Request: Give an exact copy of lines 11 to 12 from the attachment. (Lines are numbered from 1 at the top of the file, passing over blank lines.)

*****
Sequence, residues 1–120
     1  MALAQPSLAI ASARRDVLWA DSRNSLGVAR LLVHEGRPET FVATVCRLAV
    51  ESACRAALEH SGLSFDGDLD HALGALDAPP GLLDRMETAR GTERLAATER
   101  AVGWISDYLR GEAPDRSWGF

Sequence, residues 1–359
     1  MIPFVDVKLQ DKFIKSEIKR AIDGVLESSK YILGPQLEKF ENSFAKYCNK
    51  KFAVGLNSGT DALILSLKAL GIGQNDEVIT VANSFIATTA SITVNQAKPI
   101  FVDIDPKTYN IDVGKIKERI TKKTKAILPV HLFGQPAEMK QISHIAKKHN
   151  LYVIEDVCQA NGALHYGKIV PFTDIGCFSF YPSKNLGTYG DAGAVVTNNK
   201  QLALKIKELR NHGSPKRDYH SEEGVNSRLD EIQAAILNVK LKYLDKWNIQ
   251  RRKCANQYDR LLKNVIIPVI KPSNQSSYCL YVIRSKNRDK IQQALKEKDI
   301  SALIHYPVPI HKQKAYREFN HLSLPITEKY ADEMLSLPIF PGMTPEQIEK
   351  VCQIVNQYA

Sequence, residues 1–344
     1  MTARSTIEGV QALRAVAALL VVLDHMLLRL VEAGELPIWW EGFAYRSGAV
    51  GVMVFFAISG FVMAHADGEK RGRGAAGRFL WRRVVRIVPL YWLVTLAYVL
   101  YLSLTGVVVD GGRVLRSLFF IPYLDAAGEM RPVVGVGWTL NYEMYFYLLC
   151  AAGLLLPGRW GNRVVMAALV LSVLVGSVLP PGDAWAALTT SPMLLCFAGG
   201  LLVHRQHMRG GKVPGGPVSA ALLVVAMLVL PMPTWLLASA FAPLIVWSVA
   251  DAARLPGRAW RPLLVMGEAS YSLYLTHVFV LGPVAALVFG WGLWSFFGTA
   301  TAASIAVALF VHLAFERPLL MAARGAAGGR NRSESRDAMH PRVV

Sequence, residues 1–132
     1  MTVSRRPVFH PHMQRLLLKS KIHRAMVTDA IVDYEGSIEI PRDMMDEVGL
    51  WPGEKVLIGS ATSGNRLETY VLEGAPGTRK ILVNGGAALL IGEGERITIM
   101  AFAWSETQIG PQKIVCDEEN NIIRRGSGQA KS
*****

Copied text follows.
   251  RRKCANQYDR LLKNVIIPVI KPSNQSSYCL YVIRSKNRDK IQQALKEKDI
   301  SALIHYPVPI HKQKAYREFN HLSLPITEKY ADEMLSLPIF PGMTPEQIEK